Search Results

You are looking at 1 - 2 of 2 items for :

  • Author or Editor: Steeve Giguere x
  • Pharmacology x
  • Refine by Access: All Content x
Clear All Modify Search



To investigate the pharmacokinetics of enrofloxacin in adult horses.


2-dose oral and IV cross-over trial followed by multiple oral doses.


8 clinically normal adult horses.


Enrofloxacin was administered at dosages of 2.5 mg/kg of body weight to 4 horses and 5.0 mg/kg to 4 other horses. Each dose was given by the intragastric and IV routes, using a cross-over design. After the first intragastric dose, 5 additional doses were administered at 12-hour intervals. Enrofloxacin concentrations were measured in serum, synovial fluid, peritoneal fluid, urine, CSF, and endometrial tissues.


Disposition of enrofloxacin after IV administration conformed to a 2-compartment model with an elimination half-life of 5.95 and 6.09 hours for the low and high dose, respectively. After the first intragastric administration, time to peak concentration was 1.0 ± 0.35 and 1.25 ± 0.43 hours, and the bioavailabihty was 57.39 ± 8.45 and 62.52 ± 19.65% for the low and high dose, respectively. After multiple intragastric administration, peak serum concentration (at 72 to 96 hours) was 2.62 ± 0.61 μg/ml for the low dose and 5.97 ± 1.56 μg/ml for the high dose. After multiple intragastric doses, synovial fluid, urine, and endometrial tissue concentrations exceeded serum concentrations. Peritoneal fluid and CSF concentrations were lower than serum concentrations.


Computer modeling of the pharmacokinetic variables suggested that a single daily IV administered dose of 5.5 mg/kg, or orally administered doses of 7.5 mg/kg every 24 hours or 4.0 mg/kg every 12 hours, would be effective in horses. Additional studies are necessary to confirm the efficacy and safety of these dosages in a clinical setting. (Am J Vet Res 1996;57:1025–1030)

Free access
in American Journal of Veterinary Research


OBJECTIVE To determine pharmacokinetics and pulmonary disposition of minocycline in horses after IV and intragastric administration.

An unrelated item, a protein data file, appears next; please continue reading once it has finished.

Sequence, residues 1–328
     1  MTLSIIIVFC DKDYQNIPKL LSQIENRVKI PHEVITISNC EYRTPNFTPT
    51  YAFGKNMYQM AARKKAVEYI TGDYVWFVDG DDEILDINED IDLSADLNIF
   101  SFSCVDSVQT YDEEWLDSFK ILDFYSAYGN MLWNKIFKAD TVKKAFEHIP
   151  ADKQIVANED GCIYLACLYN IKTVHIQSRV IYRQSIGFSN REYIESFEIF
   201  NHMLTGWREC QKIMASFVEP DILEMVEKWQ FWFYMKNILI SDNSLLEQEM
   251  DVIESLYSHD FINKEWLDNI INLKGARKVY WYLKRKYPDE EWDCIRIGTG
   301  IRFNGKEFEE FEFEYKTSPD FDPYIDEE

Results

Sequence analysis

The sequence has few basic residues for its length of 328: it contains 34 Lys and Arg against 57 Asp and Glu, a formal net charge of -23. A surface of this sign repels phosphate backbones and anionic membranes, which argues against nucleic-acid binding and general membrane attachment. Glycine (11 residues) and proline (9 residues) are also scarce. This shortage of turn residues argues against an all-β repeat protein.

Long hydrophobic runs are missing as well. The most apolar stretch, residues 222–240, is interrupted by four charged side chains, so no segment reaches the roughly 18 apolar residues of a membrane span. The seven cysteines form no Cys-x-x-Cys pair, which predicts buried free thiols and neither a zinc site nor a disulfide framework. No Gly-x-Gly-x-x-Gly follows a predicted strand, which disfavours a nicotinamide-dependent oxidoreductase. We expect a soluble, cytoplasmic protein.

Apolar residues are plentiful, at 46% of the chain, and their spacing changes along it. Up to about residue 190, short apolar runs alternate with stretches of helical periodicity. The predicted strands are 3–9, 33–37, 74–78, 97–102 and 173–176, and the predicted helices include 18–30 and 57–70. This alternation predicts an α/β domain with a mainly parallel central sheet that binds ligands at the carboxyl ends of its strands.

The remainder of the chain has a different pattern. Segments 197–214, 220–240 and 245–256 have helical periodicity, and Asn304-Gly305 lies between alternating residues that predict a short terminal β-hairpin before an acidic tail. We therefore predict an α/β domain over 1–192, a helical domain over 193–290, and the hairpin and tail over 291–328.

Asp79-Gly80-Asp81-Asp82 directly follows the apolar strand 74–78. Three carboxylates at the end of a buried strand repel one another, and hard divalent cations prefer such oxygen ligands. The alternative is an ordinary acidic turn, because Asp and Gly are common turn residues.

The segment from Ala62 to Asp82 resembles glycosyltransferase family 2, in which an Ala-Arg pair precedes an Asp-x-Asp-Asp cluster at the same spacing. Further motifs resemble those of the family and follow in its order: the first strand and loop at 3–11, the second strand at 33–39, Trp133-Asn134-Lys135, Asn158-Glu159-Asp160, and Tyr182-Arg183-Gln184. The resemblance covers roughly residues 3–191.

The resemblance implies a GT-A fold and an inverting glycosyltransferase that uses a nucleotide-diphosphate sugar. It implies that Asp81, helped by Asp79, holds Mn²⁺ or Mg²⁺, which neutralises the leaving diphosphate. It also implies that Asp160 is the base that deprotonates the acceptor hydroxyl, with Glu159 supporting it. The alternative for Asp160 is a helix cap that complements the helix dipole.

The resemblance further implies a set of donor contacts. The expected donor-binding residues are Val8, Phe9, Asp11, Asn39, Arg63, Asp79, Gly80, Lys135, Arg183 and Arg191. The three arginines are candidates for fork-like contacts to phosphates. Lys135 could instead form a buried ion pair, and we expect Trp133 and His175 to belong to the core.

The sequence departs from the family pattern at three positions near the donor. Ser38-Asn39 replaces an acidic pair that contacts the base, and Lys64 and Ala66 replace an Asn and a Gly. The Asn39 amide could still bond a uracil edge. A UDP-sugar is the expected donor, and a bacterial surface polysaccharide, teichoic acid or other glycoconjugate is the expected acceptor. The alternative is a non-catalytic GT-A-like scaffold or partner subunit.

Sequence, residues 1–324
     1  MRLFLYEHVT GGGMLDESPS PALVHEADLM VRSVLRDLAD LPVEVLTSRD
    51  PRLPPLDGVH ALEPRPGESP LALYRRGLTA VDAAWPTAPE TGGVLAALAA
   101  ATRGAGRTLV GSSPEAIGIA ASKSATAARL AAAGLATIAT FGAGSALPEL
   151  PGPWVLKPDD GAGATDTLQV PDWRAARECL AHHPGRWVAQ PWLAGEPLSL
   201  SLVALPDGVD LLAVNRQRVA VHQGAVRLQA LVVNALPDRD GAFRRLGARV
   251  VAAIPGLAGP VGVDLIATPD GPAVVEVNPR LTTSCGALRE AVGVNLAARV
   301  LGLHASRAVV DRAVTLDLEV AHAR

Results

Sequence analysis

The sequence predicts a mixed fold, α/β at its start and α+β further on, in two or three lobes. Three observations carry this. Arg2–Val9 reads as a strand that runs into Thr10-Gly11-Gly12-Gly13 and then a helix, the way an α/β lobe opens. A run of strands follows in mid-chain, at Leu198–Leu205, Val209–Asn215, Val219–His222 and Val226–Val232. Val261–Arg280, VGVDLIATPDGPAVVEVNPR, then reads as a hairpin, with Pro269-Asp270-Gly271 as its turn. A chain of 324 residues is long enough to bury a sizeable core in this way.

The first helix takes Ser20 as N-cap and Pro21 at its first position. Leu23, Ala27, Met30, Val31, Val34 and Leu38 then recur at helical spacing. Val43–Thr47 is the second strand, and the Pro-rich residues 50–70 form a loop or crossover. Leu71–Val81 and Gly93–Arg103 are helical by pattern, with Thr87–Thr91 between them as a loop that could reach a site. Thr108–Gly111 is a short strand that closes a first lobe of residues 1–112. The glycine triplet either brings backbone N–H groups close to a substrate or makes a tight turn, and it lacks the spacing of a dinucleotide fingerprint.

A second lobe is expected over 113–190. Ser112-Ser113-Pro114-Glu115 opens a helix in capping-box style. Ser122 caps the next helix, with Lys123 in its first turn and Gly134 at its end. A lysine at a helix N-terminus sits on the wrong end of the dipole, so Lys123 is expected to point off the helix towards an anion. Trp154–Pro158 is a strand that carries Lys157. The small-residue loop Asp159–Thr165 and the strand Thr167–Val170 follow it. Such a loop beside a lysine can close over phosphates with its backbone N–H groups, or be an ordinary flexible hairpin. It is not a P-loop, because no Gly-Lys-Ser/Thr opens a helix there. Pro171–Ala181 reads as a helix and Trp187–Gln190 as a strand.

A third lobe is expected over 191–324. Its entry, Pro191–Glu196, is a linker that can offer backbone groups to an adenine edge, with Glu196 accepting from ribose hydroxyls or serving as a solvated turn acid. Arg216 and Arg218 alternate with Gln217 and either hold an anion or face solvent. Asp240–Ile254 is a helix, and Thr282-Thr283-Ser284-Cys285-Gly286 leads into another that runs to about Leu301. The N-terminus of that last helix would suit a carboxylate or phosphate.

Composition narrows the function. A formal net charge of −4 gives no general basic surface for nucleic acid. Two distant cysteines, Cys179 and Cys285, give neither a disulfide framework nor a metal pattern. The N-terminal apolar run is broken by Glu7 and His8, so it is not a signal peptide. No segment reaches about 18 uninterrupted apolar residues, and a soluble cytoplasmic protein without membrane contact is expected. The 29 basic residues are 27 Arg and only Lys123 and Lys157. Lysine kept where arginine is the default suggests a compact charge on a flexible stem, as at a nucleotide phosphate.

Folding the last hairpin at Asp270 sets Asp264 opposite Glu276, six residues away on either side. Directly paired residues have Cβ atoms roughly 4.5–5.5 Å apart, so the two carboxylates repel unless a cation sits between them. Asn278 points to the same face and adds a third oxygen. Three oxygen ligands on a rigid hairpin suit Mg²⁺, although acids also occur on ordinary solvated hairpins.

ANIMALS 7 healthy adult horses.

PROCEDURES For experiment 1 of the study, minocycline was administered IV (2.2 mg/kg) or intragastrically (4 mg/kg) to 6 horses by use of a randomized crossover design. Plasma samples were obtained before and 16 times within 36 hours after minocycline administration. Bronchoalveolar lavage (BAL) was performed 4 times within 24 hours after minocycline administration for collection of pulmonary epithelial lining fluid (PELF) and BAL cells. For experiment 2, minocycline was administered intragastrically (4 mg/kg, q 12 h, for 5 doses) to 6 horses. Plasma samples were obtained before and 20 times within 96 hours after minocycline administration. A BAL was performed 6 times within 72 hours after minocycline administration for collection of PELF samples and BAL cells.

RESULTS Mean bioavailability of minocycline was 48% (range, 35% to 75%). At steady state, mean ± SD maximum concentration (Cmax) of minocycline in plasma was 2.3 ± 1.3 μg/mL, and terminal half-life was 11.8 ± 0.5 hours. Median time to Cmax (Tmax) was 1.3 hours (interquartile range [IQR], 1.0 to 1.5 hours). The Cmax and Tmax of minocycline in the PELF were 10.5 ± 12.8 μg/mL and 9.0 hours (IQR, 5.5 to 12.0 hours), respectively. The Cmax and Tmax for BAL cells were 0.24 ± 0.1 μg/mL and 6.0 hours (IQR, 0 to 6.0 hours), respectively.

CONCLUSIONS AND CLINICAL RELEVANCE Minocycline was distributed into the PELF and BAL cells of adult horses.

Full access
in American Journal of Veterinary Research